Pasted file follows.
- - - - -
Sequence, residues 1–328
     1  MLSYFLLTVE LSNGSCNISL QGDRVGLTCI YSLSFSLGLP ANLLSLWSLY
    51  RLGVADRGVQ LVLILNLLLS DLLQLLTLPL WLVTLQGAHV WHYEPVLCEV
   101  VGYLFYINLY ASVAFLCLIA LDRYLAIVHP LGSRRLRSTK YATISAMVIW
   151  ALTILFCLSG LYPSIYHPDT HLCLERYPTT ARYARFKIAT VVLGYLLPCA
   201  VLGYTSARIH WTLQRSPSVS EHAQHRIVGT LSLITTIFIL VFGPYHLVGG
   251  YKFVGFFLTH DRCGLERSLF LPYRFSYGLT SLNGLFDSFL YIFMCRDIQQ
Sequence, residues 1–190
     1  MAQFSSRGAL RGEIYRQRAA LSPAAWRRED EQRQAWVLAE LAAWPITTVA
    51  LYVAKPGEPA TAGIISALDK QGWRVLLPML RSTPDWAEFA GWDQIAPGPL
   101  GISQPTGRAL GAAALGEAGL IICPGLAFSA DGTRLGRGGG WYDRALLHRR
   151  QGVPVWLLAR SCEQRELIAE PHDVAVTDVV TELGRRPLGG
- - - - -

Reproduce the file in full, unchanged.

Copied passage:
Sequence, residues 1–328
     1  MLSYFLLTVE LSNGSCNISL QGDRVGLTCI YSLSFSLGLP ANLLSLWSLY
    51  RLGVADRGVQ LVLILNLLLS DLLQLLTLPL WLVTLQGAHV WHYEPVLCEV
   101  VGYLFYINLY ASVAFLCLIA LDRYLAIVHP LGSRRLRSTK YATISAMVIW
   151  ALTILFCLSG LYPSIYHPDT HLCLERYPTT ARYARFKIAT VVLGYLLPCA
   201  VLGYTSARIH WTLQRSPSVS EHAQHRIVGT LSLITTIFIL VFGPYHLVGG
   251  YKFVGFFLTH DRCGLERSLF LPYRFSYGLT SLNGLFDSFL YIFMCRDIQQ
Sequence, residues 1–190
     1  MAQFSSRGAL RGEIYRQRAA LSPAAWRRED EQRQAWVLAE LAAWPITTVA
    51  LYVAKPGEPA TAGIISALDK QGWRVLLPML RSTPDWAEFA GWDQIAPGPL
   101  GISQPTGRAL GAAALGEAGL IICPGLAFSA DGTRLGRGGG WYDRALLHRR
   151  QGVPVWLLAR SCEQRELIAE PHDVAVTDVV TELGRRPLGG